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Blast from the Past: Sailor Moon: Promise of the Rose 

click to enlarge MOON CRYSTAL POWER Sailor Moon and her scouts stop a mind-controlling flower-monster from destroying their home in Sailor Moon: The Promise of the Rose. - IMAGE COURTESY OF IRIYA AZUMA
  • Image Courtesy Of Iriya Azuma
  • MOON CRYSTAL POWER Sailor Moon and her scouts stop a mind-controlling flower-monster from destroying their home in Sailor Moon: The Promise of the Rose.

When? 1993

What's it rated? PG

Where's it available? DVD, streaming on Amazon and Hulu

A typical day for me is waking up just before 7 a.m., doing a tiny bit of stretching (and a lot of yawning) followed by a smoothie or tofu scramble. Then I'll read the news, snuggle my pets, and do my eyebrows—if you're lucky. A typical day for Sailor Moon, my favorite animated superhero feminist, is quite different; a day in her life consists of going to school, fighting crime, and saving the earth with her sailor scout friends.

In the first film of the Sailor Moon franchise, The Promise of The Rose (also known as Sailor Moon R: The Movie), the plot is a side story to the original series, taking place after the second season of the Sailor Moon anime show. Usagi (Sailor Moon) and her crew work together to defeat a flower-monster named Glycina who plans to drain the energy from Tokyo's population with her xenian blossoms.

Glycina is one of my favorite concepts for a villain, ever. She's like a centaur, except her legs are like giant green spider legs, and her top half is blue with matching electric hair. There's just something awesome about her being evil by sprinkling parasitic pink blossoms all over the planet that latch onto vulnerable hearts and put them under her spell. However, she's still no match for the sailor scouts.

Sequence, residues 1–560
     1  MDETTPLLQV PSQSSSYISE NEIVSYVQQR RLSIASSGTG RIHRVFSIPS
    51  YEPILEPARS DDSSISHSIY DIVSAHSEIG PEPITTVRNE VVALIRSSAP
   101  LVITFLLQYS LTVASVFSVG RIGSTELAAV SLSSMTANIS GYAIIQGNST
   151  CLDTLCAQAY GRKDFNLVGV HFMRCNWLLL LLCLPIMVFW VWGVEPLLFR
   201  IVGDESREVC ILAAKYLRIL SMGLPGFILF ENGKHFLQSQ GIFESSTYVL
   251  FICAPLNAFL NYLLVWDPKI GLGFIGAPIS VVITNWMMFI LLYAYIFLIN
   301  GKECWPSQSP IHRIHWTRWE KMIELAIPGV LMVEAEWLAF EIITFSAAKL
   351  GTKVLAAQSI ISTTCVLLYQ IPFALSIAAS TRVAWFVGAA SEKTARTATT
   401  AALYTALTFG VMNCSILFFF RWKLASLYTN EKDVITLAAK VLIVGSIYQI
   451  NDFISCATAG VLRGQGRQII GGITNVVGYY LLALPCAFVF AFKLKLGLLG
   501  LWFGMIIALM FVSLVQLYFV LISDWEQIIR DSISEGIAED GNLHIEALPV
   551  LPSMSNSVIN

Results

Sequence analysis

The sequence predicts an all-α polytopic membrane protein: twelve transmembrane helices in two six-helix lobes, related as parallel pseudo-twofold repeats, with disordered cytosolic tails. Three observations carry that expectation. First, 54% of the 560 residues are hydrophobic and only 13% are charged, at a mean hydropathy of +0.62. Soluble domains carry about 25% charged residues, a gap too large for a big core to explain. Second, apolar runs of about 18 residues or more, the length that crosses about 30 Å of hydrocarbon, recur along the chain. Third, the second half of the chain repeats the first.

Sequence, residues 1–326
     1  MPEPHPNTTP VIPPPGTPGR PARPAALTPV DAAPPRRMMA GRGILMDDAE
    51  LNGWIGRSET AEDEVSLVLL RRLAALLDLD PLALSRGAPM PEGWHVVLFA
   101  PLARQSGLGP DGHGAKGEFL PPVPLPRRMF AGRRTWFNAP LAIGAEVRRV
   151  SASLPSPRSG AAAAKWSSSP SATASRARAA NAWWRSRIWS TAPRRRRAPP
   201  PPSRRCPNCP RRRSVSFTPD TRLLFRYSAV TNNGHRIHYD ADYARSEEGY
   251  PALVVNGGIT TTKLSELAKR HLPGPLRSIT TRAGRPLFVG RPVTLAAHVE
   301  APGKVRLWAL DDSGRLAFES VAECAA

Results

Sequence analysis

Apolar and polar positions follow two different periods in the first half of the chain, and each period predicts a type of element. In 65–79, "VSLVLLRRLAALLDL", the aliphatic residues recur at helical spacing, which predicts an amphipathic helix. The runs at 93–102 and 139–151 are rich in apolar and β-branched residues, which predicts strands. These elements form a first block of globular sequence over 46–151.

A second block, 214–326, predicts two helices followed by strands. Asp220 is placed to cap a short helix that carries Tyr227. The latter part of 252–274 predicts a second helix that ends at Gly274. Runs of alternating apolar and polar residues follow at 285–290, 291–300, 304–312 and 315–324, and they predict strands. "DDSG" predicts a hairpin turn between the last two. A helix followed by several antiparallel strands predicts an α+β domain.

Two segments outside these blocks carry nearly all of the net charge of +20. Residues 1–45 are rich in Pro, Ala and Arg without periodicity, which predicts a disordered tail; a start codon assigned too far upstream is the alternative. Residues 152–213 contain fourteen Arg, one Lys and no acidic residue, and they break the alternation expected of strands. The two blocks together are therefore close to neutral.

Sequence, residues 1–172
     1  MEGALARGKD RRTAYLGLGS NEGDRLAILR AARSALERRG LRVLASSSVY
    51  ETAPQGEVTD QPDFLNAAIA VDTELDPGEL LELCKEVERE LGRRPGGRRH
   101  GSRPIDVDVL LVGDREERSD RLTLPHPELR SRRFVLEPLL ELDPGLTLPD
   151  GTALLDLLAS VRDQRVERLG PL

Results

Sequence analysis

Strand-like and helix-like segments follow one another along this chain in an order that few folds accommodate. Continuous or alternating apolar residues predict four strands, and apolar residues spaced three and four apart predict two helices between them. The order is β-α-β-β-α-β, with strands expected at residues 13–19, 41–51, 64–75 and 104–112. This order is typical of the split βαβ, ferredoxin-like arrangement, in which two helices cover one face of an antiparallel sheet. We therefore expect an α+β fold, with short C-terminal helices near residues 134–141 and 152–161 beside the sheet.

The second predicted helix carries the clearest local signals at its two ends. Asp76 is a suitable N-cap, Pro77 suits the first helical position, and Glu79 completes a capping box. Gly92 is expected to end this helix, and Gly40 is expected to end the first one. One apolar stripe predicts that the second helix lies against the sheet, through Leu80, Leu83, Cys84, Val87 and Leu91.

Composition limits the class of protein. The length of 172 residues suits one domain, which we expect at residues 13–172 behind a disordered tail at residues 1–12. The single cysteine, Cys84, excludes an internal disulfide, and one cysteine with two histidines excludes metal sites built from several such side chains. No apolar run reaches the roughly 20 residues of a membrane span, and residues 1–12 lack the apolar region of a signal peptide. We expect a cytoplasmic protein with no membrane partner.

If you're not familiar with the iconic '90s super hero group, the sailor scouts consist of Sailor Moon, Mercury, Mars, Jupiter, and Venus. Each member has a different strength that they use in the pursuit of justice. To transform from their civilian identities to their planet princess selves, they each wield a transformation pen that casts out beams of energy and latches onto their outfit. It's a colorful, cosmic process that resembles what I imagine being on acid is like. I mean, how cool would it be to just throw a pen in the air, chant something, and then be taken into a fully automated celestial makeover?

"Moon Crystal Power! Makeup!" exclaimed Sailor Moon each time she transformed.

In The Promise of The Rose, floral and cosmic motifs are beautifully sprinkled throughout the film, and it's quite aesthetically pleasing. One of my favorite moments is when the crew is battling Glycina to protect Earth and save Usagi's boyfriend. The crew has a tender moment up on the magenta, flower-covered xenian planet while Sailor Moon is momentarily held dead by Glycina's manipulated host, Fiore. In the end, they all make it back to Earth, but it's only after Sailor Moon powers the group back on a chunk of rock with a crystal shaped like a succulent, emitting bright pink light.

The animation style of creator Naoko Takeuchi is what drew me to Sailor Moon as a kid. Sailor Moon is always radiating with vibrant colors and iridescent sparkles reminiscent of a Lisa Frank sticker sheet. Beyond the looks, as an adult, I truly believe that Sailor Moon instills great values into its viewers. Takeuchi gifts her viewers with themes of protecting your friends no matter what, and to always stand up for what you believe in it. Seeing that represented by a fierce group of girls who will always stay on the right side of justice, knowing no limits, was and continues to be inspiring for me. I mean, if your love for your friends doesn't include traveling to another planet to rescue them from a water prison like the sailor scouts did, can you really say you've got their back? (62 min.) Δ


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